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Sexual Dysfunction, HAIR THINNING ASSOCIATED WITH Long COVID

Aug. 12, 2022 Hair thinning, reduced libido, and erection dysfunction have joined a listing of better-known symptoms associated with long COVID in patients who have been not hospitalized, in accordance with findings of a big study.

Anuradhaa Subramanian, PhD, with the Institute of Applied Health Research at the University of Birmingham in britain, led the study published online on July 25 in Nature Medicine.

The team analyzed 486,149 adult electronic health records from patients with confirmed COVID in the U.K., in comparison to 1.9 million people who have no prior history of COVID, from January 2020 to April 2021. Researchers matched both groups closely when it comes to demographic, social, and clinical traits.

New Symptoms

The team identified 62 symptoms, like the well-known indicators of long COVID, such as for example fatigue, lack of sense of smell, shortness of breath, and brain fog, but additionally hair thinning, sexual dysfunction, chest pain, fever, lack of control of bowel motions, and limb swelling.

These differences in symptoms reported between your infected and uninfected groups remained even with we accounted for age, sex, ethnic group, socioeconomic status, body mass index, smoking status, the current presence of a lot more than 80 health issues, and past reporting of exactly the same symptom, Subramanian and co-researcher Shamil Haroon, PhD, wrote in a summary of these research in The Conversation.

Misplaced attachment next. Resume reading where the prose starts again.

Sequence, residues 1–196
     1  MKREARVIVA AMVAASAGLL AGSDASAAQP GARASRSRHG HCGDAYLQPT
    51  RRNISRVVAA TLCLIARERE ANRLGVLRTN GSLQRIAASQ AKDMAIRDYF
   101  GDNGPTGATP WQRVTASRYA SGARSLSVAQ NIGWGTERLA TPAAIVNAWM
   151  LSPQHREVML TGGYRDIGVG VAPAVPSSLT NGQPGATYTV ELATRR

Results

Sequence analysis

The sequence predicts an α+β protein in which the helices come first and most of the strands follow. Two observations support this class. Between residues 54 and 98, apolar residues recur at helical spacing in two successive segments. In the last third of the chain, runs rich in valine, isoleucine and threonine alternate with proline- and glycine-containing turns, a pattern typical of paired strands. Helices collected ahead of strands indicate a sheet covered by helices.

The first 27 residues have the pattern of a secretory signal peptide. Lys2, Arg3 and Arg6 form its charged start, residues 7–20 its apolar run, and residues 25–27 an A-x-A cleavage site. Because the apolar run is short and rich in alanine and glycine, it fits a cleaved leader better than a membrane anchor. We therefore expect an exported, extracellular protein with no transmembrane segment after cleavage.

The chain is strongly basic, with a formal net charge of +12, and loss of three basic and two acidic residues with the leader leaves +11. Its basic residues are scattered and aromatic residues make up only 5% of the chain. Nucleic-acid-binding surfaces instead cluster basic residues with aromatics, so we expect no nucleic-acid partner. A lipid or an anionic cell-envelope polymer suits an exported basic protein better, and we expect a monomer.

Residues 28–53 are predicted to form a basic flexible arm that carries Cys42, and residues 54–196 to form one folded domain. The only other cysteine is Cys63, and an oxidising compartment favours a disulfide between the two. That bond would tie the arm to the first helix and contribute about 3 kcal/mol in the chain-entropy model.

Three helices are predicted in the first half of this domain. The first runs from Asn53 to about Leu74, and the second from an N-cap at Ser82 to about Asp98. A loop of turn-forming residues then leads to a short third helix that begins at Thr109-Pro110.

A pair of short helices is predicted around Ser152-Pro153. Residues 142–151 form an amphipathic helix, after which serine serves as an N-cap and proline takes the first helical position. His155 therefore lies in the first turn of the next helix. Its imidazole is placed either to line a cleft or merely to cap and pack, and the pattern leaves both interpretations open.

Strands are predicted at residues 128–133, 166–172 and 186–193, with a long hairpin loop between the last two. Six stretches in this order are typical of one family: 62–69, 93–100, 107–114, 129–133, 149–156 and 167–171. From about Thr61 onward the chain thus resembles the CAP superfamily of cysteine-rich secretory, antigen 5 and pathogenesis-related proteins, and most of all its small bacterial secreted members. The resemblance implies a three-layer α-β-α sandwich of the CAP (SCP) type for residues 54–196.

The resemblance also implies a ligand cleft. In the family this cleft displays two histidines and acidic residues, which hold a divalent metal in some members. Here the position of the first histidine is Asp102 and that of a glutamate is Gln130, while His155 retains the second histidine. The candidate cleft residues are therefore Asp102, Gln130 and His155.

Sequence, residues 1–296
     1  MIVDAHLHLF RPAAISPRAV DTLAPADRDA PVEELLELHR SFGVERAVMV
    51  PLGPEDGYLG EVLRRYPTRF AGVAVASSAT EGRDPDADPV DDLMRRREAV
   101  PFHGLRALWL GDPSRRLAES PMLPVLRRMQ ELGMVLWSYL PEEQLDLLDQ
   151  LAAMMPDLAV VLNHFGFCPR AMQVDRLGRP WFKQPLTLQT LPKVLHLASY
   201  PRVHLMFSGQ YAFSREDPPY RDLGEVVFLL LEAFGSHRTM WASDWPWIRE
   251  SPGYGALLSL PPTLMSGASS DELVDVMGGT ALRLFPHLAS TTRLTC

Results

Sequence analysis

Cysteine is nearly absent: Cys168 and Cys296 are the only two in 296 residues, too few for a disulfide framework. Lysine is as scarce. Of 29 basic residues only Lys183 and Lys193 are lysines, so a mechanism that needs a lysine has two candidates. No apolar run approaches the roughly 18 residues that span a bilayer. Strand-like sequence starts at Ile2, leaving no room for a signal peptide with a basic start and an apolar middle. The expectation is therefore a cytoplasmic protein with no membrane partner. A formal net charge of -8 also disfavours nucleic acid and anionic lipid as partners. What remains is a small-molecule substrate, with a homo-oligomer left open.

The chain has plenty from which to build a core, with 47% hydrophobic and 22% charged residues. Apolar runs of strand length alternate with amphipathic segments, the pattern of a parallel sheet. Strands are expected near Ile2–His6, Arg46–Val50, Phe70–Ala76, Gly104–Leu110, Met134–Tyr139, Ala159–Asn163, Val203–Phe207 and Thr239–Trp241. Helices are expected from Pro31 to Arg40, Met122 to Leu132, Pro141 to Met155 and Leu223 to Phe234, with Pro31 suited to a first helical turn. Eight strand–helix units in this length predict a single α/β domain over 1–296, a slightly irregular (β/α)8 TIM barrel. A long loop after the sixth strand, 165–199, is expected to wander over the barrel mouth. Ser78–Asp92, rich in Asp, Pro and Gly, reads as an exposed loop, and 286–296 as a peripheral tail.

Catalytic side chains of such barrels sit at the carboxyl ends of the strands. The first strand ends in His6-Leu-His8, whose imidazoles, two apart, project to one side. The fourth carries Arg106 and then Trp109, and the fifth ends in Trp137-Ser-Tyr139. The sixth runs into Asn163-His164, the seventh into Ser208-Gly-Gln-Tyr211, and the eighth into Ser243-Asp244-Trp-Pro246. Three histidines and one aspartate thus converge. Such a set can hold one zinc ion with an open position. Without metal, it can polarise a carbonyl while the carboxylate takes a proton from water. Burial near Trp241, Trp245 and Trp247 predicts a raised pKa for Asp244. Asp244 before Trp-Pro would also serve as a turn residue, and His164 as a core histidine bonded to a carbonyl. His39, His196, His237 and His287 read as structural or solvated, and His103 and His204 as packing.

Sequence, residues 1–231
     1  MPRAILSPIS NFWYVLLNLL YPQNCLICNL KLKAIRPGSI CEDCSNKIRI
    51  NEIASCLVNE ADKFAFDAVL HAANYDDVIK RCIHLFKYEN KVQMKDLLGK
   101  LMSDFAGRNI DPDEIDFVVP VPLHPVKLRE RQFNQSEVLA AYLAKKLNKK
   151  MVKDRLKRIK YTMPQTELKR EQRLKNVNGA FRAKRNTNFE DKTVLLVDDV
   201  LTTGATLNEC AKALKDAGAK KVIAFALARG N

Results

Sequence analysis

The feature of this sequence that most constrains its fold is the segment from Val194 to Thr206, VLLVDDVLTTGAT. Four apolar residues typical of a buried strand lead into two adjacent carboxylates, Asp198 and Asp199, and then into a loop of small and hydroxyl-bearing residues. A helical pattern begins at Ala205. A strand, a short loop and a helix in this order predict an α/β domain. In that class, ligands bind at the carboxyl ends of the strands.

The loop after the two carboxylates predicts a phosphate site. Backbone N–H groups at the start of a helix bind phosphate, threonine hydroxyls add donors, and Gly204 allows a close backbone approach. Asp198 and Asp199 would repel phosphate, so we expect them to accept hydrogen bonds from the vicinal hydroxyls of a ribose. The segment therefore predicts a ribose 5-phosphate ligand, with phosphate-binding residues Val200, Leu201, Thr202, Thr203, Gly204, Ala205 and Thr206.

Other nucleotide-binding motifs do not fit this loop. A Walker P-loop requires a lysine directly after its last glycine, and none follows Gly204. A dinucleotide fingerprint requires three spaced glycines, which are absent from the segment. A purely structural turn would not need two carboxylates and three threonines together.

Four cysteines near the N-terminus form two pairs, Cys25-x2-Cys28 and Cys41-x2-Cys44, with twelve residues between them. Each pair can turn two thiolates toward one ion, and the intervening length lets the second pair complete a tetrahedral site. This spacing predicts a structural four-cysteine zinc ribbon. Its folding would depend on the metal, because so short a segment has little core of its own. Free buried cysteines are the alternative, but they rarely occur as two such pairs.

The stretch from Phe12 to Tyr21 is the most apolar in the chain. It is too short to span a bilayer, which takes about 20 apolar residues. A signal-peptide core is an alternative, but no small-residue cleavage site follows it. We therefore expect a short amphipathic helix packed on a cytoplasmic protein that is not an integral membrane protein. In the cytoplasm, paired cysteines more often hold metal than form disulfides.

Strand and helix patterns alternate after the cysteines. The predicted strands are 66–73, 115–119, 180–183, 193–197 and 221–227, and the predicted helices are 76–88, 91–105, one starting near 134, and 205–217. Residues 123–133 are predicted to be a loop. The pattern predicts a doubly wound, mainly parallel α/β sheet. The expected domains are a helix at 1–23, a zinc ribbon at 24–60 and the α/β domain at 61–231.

They explain that only 20 of the outward symptoms they found are contained in the World Health Organizations clinical case definition for long COVID.

In addition they discovered that people more prone to have persistent symptoms a few months after COVID infection were also more prone to be young, female, smokers, to participate in certain minority ethnic groups, also to have lower socioeconomic status. These were also more prone to be obese and also have an array of health issues.

Haroon, a co-employee clinical professor at the University of Birmingham, says that certain reason it appeared that younger individuals were more prone to get outward indications of long COVID could be that older adults with COVID were more prone to be hospitalized and werent one of them study.

Since we only considered non-hospitalized adults, the older adults we contained in our study might have been relatively healthier and therefore had a lesser symptom burden, he says.

Subramania notes that older patients were more prone to report lasting COVID-related symptoms in the analysis, however when researchers accounted for an array of other conditions that patients had before infection (which generally additionally happen in older adults), they found younger age as a risk factor for long-term COVID-related symptoms.

In the analysis period, most patients were unvaccinated, and results came prior to the widespread Delta and Omicron variants.

Over fifty percent (56.6%) of the patients infected with the herpes virus that triggers COVID have been diagnosed in 2020, and 43.4% in 2021. Significantly less than 5% (4.5%) of the patients infected with the herpes virus and 4.7% of the patients without recorded proof a COVID infection had received at the very least an individual dose of a COVID vaccine prior to the study started.